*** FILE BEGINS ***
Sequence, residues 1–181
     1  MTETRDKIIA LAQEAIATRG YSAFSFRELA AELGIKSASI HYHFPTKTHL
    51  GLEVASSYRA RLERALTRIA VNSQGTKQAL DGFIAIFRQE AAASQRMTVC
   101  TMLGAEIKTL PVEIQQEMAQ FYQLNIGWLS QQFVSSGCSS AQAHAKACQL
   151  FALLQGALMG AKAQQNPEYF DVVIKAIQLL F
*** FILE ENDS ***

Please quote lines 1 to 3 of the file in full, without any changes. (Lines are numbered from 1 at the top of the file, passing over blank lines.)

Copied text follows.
Sequence, residues 1–181
     1  MTETRDKIIA LAQEAIATRG YSAFSFRELA AELGIKSASI HYHFPTKTHL
    51  GLEVASSYRA RLERALTRIA VNSQGTKQAL DGFIAIFRQE AAASQRMTVC